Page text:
Recalled airbags with potentially fatal defects at center of outreach campaign in CA

Dave Kunz Image
Wednesday, June 13, 2018
Outreach campaign for defective airbags in CA kicks off
An outreach effort in California warning of potentially deadly defective airbags kicked off on Monday.

LOS ANGELES (KABC) -- An effort to replace recalled airbags in California cars that have potentially deadly defects kicked off on Monday.

"Across the United States, tens of millions of vehicles remain unrepaired," said Heidi King of the National Highway Traffic Safety Administration.

The airbags in those vehicles are potentially lethal weapons. The metal actuator in the airbag can shatter, sending fragments into the driver or passenger.

One Alhambra police officer thought a man in a simple crash had been shot in the face. The coroner discovered the true case of the fatal injuries: an exploding defective airbag.

"To this day, I can still recall what I had seen that day and the notification I had to make to the family in regards to what had happened," said Sgt. Rodney Castillo of the Alhambra Police Department.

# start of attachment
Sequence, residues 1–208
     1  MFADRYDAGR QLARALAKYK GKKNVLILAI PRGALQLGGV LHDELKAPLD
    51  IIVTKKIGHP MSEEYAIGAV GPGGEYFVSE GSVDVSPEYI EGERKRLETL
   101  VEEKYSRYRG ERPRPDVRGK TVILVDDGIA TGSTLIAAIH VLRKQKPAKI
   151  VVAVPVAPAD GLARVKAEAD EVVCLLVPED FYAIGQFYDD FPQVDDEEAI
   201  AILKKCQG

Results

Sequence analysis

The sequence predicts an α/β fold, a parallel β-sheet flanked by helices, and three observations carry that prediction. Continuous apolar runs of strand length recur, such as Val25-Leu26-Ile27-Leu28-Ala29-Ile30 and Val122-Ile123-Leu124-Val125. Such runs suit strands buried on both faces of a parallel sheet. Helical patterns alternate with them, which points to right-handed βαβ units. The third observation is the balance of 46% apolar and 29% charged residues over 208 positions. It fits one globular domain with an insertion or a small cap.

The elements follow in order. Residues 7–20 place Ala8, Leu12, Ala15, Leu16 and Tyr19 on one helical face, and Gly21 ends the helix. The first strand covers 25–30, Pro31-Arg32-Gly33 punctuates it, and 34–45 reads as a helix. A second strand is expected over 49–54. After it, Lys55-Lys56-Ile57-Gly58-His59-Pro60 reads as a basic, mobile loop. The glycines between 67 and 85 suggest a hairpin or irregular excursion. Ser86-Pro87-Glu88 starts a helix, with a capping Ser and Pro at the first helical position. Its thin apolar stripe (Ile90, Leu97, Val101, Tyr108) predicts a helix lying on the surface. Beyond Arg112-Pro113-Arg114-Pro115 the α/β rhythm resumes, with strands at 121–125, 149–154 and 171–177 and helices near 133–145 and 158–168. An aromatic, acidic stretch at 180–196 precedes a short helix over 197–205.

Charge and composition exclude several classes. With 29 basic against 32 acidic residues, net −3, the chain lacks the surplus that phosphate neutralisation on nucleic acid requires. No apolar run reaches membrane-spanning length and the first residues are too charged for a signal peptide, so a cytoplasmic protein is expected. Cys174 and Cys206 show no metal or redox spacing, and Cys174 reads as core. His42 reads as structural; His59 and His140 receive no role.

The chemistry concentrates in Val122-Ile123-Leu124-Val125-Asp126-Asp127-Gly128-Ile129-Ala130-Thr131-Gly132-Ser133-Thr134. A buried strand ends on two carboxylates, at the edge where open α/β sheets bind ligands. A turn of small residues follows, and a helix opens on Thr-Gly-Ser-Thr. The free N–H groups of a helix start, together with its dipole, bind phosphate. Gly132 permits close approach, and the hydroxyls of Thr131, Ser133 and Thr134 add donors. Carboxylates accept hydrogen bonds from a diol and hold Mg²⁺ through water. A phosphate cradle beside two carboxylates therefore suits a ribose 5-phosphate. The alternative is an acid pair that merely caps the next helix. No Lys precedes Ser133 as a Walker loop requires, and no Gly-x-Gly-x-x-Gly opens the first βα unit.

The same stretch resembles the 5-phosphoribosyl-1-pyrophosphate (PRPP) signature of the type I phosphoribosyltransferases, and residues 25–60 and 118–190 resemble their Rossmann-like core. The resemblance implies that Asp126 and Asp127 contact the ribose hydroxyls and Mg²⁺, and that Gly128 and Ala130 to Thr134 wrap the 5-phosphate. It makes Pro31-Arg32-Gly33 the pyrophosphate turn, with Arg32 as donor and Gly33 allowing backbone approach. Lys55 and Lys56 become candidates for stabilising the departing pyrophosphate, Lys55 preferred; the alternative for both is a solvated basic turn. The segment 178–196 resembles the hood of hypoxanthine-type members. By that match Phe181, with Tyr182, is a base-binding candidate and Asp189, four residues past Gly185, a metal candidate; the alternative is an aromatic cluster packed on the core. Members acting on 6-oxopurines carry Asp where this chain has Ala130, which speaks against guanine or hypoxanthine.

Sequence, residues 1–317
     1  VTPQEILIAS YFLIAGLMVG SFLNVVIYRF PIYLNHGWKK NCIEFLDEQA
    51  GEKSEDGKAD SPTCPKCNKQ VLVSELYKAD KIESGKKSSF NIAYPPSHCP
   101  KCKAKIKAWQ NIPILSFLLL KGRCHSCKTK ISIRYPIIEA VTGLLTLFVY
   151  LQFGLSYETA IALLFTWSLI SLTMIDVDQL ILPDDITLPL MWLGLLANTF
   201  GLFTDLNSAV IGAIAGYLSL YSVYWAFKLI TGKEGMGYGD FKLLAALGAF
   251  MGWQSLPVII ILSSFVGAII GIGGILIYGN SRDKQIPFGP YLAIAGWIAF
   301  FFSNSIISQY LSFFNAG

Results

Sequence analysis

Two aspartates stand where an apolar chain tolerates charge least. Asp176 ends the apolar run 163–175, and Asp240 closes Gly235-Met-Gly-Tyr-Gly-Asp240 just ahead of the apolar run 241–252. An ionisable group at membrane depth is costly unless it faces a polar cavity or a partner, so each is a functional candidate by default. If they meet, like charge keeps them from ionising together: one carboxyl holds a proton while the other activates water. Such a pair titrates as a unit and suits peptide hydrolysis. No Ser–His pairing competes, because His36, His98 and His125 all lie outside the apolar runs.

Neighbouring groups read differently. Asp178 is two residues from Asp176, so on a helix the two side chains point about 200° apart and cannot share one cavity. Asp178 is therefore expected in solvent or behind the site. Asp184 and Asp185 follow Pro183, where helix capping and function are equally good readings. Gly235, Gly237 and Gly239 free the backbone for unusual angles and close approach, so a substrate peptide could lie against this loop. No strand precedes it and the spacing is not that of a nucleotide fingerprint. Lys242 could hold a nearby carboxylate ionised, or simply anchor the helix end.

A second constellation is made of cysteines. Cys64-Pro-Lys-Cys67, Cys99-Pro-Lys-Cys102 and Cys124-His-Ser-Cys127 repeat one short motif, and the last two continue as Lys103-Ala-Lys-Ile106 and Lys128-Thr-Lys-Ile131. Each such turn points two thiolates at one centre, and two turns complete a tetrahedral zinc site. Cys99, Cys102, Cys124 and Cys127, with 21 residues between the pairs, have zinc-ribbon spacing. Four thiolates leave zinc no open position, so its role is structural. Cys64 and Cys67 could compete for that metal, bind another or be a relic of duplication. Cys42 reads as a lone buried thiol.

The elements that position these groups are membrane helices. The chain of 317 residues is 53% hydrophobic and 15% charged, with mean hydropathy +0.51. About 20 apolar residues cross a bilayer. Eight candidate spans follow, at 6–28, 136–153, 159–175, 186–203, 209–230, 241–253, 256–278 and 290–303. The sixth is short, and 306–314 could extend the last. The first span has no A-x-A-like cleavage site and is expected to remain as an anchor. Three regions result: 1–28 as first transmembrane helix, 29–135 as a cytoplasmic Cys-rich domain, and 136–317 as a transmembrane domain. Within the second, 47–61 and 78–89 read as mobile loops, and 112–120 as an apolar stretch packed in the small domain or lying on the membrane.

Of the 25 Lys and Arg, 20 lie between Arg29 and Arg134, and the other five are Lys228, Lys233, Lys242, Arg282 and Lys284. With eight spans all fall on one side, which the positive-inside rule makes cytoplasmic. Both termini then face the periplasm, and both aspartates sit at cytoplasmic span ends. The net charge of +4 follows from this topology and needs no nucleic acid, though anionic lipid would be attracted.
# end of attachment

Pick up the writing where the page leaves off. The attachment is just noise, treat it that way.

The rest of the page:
The fix is fairly simple, completely free and could literally save someone's life, but there are many unrepaired cars still on the road, particularly here in Southern California.

The problem before was there were not enough replacement airbags. That problem has since been solved.

The problem now is getting the word out.

Grassroots outreach begins right now in both English and Spanish. Special airbag recall volunteers will be going to community events to help.

A website,, has been established to make it easy to check and see if your car needs to be repaired.

Honda got on the ball early and said most of their cars have been repaired, but for the ones that remain, they're reaching out in a more analog fashion.

"We're knocking on people's doors in communities," said Chris Martin, a Honda spokesman.

Regulators want to see every last car fixed. "We can't make consumers take their cars in for repair," King said. "But their lives depend on their doing so."